Showtime at the Apollo

Sometimes the most interesting stories surround places and the people who fill them. There’s nothing quite like music to bring people together, as proved by the Apollo in Harlem, as brought to life once more by author Ted Fox and illustrator James Otis Smith.

The Story: In 1933, a theater started with a singular dream: to be a haven for people of color, a place where thy could hone, share, and take pleasure in their considerable talents. From performers like Jay-Z in 2007, Bo Didley in 1955, to Paul McCartney 2010, this is a place that has hosted the best of the best – those whom modern audiences may have forgotten, those whom history has revered and will likely to revere for ages to come – but it came from humble origins. Though it may not have started as a location of rebellion, it quickly grew into a haven for performers of color. Here music evolved as dancers and singers took the stage, turning the place from a place of questionable nature to a well reputed establishment. It’s story doesn’t end in the past though – the story continues as the theater continues to evolve and grow even today.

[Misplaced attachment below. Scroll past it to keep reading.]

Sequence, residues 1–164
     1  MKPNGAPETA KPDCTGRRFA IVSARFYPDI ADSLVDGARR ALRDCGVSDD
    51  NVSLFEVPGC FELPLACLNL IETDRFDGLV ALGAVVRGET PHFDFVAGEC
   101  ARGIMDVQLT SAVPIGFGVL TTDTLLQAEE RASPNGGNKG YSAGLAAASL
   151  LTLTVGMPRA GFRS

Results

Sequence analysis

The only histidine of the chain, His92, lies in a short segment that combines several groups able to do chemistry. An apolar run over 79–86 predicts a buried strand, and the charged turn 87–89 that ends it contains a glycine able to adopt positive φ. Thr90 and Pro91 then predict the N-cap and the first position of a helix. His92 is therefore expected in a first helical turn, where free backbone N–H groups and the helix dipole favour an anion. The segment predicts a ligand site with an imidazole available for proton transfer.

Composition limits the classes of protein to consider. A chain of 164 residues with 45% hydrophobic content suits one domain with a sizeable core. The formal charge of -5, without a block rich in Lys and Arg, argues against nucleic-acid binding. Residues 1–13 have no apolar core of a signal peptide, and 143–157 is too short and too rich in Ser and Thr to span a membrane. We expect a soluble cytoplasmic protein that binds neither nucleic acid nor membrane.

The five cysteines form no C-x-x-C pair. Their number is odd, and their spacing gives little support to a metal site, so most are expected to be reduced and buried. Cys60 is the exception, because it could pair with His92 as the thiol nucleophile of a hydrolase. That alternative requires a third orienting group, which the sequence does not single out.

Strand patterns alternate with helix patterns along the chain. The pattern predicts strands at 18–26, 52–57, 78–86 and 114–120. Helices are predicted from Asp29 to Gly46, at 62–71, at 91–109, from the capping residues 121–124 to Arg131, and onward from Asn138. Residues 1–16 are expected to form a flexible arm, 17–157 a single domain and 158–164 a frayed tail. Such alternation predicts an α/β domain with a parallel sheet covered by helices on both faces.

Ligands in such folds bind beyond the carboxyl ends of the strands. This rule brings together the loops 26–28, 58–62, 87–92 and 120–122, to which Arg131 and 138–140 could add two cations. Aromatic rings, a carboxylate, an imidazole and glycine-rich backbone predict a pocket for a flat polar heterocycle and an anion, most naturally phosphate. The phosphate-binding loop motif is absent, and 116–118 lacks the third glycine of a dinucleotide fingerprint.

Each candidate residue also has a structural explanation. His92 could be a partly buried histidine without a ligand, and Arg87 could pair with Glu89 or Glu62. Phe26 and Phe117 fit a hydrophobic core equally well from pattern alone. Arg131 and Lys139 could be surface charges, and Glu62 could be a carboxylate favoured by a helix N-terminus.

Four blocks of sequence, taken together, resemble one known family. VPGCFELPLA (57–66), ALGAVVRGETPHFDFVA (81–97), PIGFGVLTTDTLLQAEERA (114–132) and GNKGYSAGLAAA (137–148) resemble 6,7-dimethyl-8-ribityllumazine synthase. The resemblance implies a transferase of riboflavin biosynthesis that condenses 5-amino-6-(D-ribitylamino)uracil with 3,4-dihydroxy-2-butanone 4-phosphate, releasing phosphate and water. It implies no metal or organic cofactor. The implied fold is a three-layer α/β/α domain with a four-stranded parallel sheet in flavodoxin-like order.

Entertaining, well documented, and cleverly packed with photos of real documents, performers, and more, this is the nonfiction read that readers deserve. You’ll find yourself fully immersed in this tale of what it takes to do more than just survive – but thrive.

Parental Advisories: This book is definitely marketed towards an adult audience, but is pleasantly clean, with only the occasional mild cuss (though there are scattered cuss words and topics throughout that parents may want to keep kids from). I definitely think young adult audiences could enjoy this book depending on their maturity and parents’ comfort level. Read at your own disclosure.

This entry was posted in Adult Reads, Nonfiction, YA and tagged , , , , , , , , , , , , , . Bookmark the permalink.

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